3. My preference is 3rd-limited. Have you looked into 3rd-narrative? It's probably my second favorite, if done right. I've never read 3rd-head-hopping omniscient. Orson Scott Card writes the tightest 3rd-omniscient I've ever encountered. I'm not sure what direction you want to go in. If you want to go 3rd-narrative read The Hobbit, for 3rd-omniscient read Ender's Game, and for 3rd-head-hopping-omniscient Dune is supposedly a great example.

  4. Patrick's response has me tripping on the different third person perspectives. Right now I'm torn between first and third person. I know I do first better but I like the options that third person gives me as well. And I love Lemony Snicket! Just keep writing and you'll improve Jeff and I'm glad that even if others didn't notice something was off you did. That's the mark of a true writer.

  5. I prefer writing and reading third person. And I like it close. I'm not a fan of first because I like to know what other characters are thinking/doing, especially in a romance (my fav).

    Dean Koontz and Stephen King are good at the omniscient (in some of their books), so much so I don't realize it!

  6. Yeah, the 'I' think is a problem. I should do a word count on Parallel Lives and see how many times I use it….

    I do believe stories tend to come out of us the way they're supposed to be told, for the most part. I put a lot of faith in that, anyway.

  7. That's part of the fun of it, though, figuring out what you can and can't reveal. At least that's part of what I like about it. I'm going to have to work on my omni a bit.

  8. Thanks for the examples, Patrick. It's been quite a while since I read Dune, I wonder if we still have a copy around here…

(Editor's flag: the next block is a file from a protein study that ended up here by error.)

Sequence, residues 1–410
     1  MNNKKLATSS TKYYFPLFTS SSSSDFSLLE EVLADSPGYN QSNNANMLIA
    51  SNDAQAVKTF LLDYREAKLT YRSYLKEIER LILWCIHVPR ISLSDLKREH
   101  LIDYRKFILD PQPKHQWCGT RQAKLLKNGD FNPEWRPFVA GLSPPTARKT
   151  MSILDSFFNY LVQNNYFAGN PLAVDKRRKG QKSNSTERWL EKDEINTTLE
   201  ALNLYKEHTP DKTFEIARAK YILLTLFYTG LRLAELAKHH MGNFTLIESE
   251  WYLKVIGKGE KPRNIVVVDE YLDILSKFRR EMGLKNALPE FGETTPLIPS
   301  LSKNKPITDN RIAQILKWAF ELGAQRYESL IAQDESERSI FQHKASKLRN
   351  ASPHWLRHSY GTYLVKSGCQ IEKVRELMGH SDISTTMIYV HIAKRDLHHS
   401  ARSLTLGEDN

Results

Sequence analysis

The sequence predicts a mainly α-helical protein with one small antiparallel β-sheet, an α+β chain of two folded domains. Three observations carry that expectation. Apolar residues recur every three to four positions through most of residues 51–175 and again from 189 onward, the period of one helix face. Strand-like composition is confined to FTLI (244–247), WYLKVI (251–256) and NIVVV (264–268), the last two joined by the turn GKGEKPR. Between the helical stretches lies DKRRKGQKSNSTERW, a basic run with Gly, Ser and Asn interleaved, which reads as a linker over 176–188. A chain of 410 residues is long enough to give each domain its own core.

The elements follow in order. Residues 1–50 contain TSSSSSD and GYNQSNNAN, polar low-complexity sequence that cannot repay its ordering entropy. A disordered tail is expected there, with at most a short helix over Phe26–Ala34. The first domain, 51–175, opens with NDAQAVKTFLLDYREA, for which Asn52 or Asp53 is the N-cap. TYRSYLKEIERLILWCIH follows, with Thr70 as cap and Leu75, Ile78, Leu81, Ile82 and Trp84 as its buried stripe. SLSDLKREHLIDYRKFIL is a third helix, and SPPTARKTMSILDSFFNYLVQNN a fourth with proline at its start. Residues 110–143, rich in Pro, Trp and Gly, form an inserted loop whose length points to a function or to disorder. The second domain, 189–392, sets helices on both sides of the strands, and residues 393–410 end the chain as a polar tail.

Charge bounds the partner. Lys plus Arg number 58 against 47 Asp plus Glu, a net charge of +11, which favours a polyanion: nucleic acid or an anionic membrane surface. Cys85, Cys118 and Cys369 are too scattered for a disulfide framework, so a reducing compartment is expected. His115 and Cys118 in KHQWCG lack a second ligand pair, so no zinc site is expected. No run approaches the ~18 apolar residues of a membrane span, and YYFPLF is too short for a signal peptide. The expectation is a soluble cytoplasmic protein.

I do tend to stay tight in my characters' heads, so I prefer first or close 3d. I do have a tendency to slip into omni in 3rd, but I find intending to write in omni tougher for some reason. I'll have to work on it.

  9. Snicket's great fun, isn't he? I heard him doing an interview on the radio recently and he was quite entertaining. And I agree, practice, practice, practice, and try new things!

  10. I like close, too, Stacy. I think what I find hard about omni is striking the right 'narratorial voice', which seems much easier to find in a different POV.

    And King does have some good examples of omni. Haven't read any Koontz in quite some time; I may have to do that for some variety!

  11. Sounds like an intriguing story! I've only tried writing in 1st a few times and it always comes out cheesy – sounding like that voice over guy on TV. Maybe one day it'll be easier. I prefer close 3rd person -feels most natural to me 🙂

  12. I think every story and every person has a most effective point of view, and trying to write outside that POV is when things get especially hard. For me, if a story calls for third person, then first is a struggle. But when a story calls for first, then third feels impossible. It's so nice that publishing is more open now and we can have a choice to write in whichever POV works best for our stories.

  13. I agree with you, Caryn. Omni just seems to be tougher for me to really 'nail' for some reason. I'll just have to keep working on it. Thanks for stopping by and commenting!